I’ve always been interested in what scares those that are in the profession of scaring. Admittedly, some of these answers are are safe bets, BUT, what intrigued me the most was just how much Shirley Jackson’s “The Haunting of Hill House” had fallen of of our radar. For those that haven’t read it, seriously it is a MUST. It is the perfect exercise in unease and paranoia from the unknown and an exemplary work not of just horror fiction, but fiction in general. Jackson’s book was actually the most noted out of all the authors questioned in the NY Times article on the subject. This is what Neil Gaiman had to say:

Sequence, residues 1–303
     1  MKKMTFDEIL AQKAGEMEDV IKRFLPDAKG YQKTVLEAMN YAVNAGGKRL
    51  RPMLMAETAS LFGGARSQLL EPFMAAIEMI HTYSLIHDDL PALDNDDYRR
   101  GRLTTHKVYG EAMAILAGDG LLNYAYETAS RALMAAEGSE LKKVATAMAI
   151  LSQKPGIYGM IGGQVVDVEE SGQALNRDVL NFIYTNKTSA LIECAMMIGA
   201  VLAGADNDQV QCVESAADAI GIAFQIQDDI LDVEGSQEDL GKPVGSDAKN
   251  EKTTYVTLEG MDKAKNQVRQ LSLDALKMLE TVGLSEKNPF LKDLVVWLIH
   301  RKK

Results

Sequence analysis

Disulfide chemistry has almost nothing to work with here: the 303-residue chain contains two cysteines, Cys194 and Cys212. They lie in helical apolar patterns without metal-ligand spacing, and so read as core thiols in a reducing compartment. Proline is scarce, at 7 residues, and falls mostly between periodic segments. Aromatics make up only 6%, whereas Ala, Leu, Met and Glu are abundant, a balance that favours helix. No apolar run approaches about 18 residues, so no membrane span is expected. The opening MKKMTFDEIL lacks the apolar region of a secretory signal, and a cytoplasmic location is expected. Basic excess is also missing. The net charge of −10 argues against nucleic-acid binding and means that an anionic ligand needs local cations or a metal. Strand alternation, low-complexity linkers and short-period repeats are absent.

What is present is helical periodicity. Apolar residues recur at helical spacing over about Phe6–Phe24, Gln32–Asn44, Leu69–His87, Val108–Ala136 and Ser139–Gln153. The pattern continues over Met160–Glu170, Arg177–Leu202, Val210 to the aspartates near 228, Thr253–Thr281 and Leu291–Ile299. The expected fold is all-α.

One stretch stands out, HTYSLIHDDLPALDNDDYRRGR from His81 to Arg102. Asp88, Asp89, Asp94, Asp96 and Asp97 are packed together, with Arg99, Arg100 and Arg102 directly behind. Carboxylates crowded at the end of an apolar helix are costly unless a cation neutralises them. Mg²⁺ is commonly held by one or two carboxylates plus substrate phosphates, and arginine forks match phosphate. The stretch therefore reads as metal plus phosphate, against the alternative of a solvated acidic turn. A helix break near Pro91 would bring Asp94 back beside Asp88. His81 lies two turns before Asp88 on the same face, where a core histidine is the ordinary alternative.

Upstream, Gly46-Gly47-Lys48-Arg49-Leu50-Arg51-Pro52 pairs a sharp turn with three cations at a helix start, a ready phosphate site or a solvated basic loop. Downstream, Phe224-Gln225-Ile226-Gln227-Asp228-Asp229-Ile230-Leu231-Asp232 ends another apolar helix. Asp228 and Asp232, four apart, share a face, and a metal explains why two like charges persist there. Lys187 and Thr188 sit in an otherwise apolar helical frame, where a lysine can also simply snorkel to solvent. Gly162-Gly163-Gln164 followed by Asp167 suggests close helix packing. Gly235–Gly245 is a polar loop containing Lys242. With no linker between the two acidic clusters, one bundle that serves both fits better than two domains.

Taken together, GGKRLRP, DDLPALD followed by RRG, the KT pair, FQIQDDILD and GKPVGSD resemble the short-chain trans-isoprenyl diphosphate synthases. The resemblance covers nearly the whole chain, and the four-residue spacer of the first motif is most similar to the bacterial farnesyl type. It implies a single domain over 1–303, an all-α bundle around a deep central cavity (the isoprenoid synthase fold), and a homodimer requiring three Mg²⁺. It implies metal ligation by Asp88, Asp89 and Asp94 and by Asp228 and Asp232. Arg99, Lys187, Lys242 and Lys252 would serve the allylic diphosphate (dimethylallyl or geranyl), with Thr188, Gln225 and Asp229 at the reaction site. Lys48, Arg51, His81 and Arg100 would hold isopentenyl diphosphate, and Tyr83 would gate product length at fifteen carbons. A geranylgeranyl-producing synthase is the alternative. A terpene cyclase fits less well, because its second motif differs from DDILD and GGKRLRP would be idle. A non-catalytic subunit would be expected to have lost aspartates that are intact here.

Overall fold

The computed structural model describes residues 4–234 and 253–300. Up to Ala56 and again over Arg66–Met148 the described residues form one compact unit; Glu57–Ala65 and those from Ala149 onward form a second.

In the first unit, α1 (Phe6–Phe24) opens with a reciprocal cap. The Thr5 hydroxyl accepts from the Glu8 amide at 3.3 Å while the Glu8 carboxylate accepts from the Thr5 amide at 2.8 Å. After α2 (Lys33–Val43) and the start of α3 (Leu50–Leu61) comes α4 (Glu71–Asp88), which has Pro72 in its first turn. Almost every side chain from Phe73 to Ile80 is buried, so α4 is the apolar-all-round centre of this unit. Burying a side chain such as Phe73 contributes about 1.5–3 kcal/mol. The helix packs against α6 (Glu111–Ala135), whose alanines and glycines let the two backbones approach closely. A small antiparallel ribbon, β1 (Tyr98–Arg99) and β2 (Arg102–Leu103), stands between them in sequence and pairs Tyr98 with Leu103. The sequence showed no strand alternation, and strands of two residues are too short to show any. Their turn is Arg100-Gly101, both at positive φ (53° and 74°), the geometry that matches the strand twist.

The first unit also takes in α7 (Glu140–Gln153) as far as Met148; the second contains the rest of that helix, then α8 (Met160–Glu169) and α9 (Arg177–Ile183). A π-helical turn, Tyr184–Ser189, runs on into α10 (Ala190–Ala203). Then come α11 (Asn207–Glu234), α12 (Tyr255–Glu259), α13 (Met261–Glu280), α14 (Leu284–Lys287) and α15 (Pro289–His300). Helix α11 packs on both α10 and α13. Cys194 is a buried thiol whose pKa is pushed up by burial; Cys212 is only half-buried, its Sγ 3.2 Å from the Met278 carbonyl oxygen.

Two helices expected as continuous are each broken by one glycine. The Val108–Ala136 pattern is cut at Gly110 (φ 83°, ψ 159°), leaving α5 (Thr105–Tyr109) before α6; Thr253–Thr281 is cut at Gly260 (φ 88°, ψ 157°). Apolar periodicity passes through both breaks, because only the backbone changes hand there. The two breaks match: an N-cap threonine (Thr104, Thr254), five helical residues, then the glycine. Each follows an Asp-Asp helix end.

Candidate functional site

“The Haunting of Hill House” by Shirley Jackson
The books that have profoundly scared me when I read them — made me want to sleep with the light on, made the neck hairs prickle and the goose bumps march, are few: Henry James’s “The Turn of the Screw,” Peter Straub’s “Ghost Story,” Stephen King’s “It” and “’Salem’s Lot” and “The Shining” all scared me silly, and transformed the night into a most dangerous place. But Shirley Jackson’s “The Haunting of Hill House” beats them all: a maleficent house, real human protagonists, everything half-seen or happening in the dark. It scared me as a teenager and it haunts me still, as does Eleanor, the girl who comes to stay.
— Neil Gaiman, author of “Norse Mythology”
The full article with loads of other authors relating the books that kept them up at night can be read over at www.nytimes.com